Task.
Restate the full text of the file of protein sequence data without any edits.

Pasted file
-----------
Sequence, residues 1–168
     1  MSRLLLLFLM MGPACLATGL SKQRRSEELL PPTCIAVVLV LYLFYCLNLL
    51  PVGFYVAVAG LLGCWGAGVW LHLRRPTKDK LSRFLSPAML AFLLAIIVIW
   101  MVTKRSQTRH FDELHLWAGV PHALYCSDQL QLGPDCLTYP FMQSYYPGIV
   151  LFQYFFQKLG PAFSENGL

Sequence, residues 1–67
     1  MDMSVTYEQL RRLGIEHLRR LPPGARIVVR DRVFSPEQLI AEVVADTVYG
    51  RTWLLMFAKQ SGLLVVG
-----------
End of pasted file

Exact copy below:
Sequence, residues 1–168
     1  MSRLLLLFLM MGPACLATGL SKQRRSEELL PPTCIAVVLV LYLFYCLNLL
    51  PVGFYVAVAG LLGCWGAGVW LHLRRPTKDK LSRFLSPAML AFLLAIIVIW
   101  MVTKRSQTRH FDELHLWAGV PHALYCSDQL QLGPDCLTYP FMQSYYPGIV
   151  LFQYFFQKLG PAFSENGL

Sequence, residues 1–67
     1  MDMSVTYEQL RRLGIEHLRR LPPGARIVVR DRVFSPEQLI AEVVADTVYG
    51  RTWLLMFAKQ SGLLVVG